In a hardware implementation, the condition 1 (I+M>=2{circumflex over ( )}N) is indicated by a carry out generated from I+M, and the condition 2 (I+M>=L+1) is indicated by a carry out generated from I+M+(L\). The condition 3 is indicated if there is no carry out generated from I+M.

In case M is a negative number, there are two conditions: (1) I+M<0, (2) I+M>=0, for consideration in connection with the logic used by the circular address generator.

In condition 1 with M negative, I+M <0. The absolute address (I+M) is a negative number below the lower boundary 0 of the circular buffer. The next address needs to be wrapped to the higher area of the circular buffer. The target next address I can be calculated by adding buffer length L+1 to the absolute address I+M, the equation is: I+M+L+1.

In condition 2 with M negative, I+M>=0. The absolute address (I+M) lies above the lower boundary 0, so the target I is equal to I+M.

In the hardware implementation, condition 1 with M negative (I+M<0) is indicated by no carry out generated from I+M. Condition 2 with M negative (I+M>=0) is indicated by a carry out generated from I+M.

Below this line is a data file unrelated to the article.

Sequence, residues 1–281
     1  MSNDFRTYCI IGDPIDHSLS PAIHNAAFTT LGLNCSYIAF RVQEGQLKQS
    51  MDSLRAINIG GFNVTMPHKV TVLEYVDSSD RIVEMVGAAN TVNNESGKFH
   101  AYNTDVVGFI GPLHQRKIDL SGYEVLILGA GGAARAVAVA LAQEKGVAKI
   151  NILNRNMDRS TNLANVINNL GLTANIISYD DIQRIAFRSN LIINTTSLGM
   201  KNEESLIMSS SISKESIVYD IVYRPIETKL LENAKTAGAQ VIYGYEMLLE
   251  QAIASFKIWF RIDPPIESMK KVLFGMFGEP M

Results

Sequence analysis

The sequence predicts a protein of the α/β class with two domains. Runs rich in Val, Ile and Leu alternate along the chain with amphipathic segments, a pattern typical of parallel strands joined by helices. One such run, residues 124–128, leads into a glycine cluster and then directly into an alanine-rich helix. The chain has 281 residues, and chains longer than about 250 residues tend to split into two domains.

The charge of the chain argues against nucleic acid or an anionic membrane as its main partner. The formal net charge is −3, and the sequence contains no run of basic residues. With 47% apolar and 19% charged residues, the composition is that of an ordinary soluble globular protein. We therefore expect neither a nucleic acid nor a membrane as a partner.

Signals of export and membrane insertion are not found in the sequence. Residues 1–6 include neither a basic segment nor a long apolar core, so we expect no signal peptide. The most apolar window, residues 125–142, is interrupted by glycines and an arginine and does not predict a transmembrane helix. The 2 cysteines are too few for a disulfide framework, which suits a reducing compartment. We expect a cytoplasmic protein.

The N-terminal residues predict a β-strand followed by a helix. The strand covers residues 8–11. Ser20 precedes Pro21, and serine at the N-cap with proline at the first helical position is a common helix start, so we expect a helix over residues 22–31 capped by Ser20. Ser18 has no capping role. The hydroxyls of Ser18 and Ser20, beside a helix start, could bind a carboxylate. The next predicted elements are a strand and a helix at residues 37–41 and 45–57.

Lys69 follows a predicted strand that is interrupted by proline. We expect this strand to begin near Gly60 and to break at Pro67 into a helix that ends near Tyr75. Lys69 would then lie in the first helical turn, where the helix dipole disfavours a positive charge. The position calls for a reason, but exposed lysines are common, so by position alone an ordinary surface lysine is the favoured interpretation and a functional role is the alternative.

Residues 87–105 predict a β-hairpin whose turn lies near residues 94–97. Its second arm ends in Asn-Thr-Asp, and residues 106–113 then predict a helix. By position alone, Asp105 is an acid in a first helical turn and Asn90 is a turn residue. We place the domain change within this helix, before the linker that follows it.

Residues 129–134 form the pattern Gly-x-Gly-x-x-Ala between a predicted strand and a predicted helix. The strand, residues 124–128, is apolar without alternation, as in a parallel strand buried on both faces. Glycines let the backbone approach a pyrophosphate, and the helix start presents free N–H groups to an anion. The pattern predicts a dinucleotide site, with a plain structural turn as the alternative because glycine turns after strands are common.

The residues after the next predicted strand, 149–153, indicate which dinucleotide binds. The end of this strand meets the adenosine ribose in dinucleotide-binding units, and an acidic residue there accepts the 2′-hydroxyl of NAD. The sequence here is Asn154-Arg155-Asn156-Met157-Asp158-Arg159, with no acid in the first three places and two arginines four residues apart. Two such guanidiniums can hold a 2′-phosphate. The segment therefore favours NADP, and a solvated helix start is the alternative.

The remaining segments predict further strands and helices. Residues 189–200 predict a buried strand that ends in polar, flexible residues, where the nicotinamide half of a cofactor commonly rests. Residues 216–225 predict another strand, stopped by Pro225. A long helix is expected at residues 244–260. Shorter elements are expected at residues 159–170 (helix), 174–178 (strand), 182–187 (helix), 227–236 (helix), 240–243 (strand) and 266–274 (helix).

Thus, a hardware implementation of an implied lower address boundary circular buffer is implemented logically as shown in FIG. 3. The logic in FIG. 3 includes a first adder 201 and a second adder 202. The inputs to the first adder 201 include the values I and M. The output of the first adder 201, referred to herein as the absolute address, is provided on line 207, and equals I+M. A carry out signal from the adder 201 is supplied on line 206. The inputs to the second adder 202 include the output of the exclusive NOR gate 203 and the output on line 207 of the first adder 201. The inputs to the exclusive NOR gate 203 include the length value L and a sign bit of a address offset M. The second adder 202 receives the sign bit of M as a carry in on line 211. The output of the second adder 202, referred to herein as the wrapped address, is supplied on line 209. A multiplexer 213 receives the absolute address on line 207, and the wrapped address on line 209 as inputs, and supplies the target next address on line 210. A control signal is supplied to the multiplexer 213 on line 212 to indicate which of the computed absolute address and wrapped address is provided as the output. The signal line 212 is provided by the output of the multiplexer 214, which acts in response to the sign bit of M on line 211, to select logic for the case in which the sign bit of M is one (M is negative), and the case in which the sign bit of M is zero (M is positive).

In the case in which the sign bit of M is one, the output of the inverter 205 is provided as the control signal on line 212. The input of the inverter 205 is the carry out signal on line 206 from the first adder 201. Thus, if the sign bit of M is one, the wrapped address is selected if the carry out of the first adder 201 is zero, and the absolute address is selected if the carry out of the first adder 201 is one.